Nighttime flyers and airport ambulances are still barred from using the Roseburg Municipal Airport at night as the city irons out ways to fix Mount Nebo runway obstructions.
City staff originally planned to spend $100,000 on the mitigation project. Further studies have bumped that price tag up to $300,000. Roseburg City Council voted unanimously to adopt the project’s new budget.
Federal regulators say Mt. Nebo is obstructing the runway, a conclusion they reached following a flight check inspection early last year. The city subsequently shut down its nighttime instrument approach.
Without that device, pilots rely on their naked eye to land properly. Darkness prevents them from landing by visual approach.
“We’ve definitely turned flights down because of the inability to get in there on instrument conditions at night,” said Dan Brattain, vice president of Cal-Ore Life Flight and REACH Air Medical Services.
“When I say big impact, it may not be big in numbers, but if you’re the patient, that’s a pretty big impact.”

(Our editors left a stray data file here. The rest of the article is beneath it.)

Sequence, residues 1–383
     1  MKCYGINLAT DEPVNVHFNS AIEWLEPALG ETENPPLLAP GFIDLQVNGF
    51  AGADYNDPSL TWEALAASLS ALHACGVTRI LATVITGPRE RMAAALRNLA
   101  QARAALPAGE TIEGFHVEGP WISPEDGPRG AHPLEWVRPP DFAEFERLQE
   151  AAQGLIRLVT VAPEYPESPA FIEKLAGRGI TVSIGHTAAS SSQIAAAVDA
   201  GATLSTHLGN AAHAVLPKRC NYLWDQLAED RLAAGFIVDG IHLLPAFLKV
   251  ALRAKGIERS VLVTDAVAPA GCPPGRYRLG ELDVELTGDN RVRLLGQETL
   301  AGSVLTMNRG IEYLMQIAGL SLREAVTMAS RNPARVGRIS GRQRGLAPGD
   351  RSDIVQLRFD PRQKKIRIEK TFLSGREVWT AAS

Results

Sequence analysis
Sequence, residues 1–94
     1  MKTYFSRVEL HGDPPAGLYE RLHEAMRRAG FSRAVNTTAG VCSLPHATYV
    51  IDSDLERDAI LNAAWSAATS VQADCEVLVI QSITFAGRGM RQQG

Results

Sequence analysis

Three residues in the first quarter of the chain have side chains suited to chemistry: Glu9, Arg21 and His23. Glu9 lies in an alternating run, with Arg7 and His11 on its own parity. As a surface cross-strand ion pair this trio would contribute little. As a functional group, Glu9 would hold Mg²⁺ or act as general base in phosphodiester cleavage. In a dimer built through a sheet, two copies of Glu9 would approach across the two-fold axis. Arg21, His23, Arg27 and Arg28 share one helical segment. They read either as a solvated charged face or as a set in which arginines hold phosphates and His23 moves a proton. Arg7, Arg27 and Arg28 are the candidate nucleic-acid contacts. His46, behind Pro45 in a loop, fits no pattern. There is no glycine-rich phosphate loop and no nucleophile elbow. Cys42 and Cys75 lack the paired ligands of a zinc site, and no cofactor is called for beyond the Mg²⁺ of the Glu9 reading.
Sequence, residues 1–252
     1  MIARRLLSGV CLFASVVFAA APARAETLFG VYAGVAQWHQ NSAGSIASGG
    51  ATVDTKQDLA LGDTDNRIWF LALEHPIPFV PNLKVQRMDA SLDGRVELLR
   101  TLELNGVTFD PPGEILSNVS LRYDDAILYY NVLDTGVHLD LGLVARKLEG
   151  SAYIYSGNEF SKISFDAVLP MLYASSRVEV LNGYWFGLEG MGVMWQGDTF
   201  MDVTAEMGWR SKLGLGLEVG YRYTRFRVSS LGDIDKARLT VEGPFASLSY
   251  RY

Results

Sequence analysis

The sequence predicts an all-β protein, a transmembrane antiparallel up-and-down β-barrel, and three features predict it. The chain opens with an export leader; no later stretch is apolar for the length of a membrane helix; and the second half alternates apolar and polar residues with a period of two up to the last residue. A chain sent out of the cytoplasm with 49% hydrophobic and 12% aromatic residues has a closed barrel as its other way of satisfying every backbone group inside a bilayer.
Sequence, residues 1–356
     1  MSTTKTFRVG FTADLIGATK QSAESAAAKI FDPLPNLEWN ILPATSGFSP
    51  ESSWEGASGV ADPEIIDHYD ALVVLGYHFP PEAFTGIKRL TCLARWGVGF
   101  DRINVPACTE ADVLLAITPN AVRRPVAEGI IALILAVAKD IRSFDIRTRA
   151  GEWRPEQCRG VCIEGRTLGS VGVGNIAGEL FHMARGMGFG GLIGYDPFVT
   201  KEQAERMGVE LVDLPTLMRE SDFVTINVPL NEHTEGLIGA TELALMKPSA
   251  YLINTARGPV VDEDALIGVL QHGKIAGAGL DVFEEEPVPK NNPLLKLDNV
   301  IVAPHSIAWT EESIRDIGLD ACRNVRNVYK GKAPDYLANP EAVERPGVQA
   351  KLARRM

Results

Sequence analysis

Life flight services provided by helicopters can use the landing pad at Mercy Medical Center, but sometimes they need the Roseburg airport as well, he said. For instance, life flight services used the Roseburg airport to transport a large number of patients following the mass shooting at UCC in 2015.
Although the hill and the runway have remained firmly in place for years, the Federal Aviation Administration has made some changes to its rules and regulations. The new rules say parts of the 1,200-foot hill are too close to the runway.
To fix the issue, the city will add lighting to the hill, smooth out irregular terrain, and possibly remove some trees.
The administration also asked that the airport modify its visual approach slope indicator, a set of lights that guide pilots into the proper slope when landing. The airport had shut down its slope indicator in July. It has not been turned back on.
The costs of modifying the slope indicator is included in the Mt. Nebo mitigation project.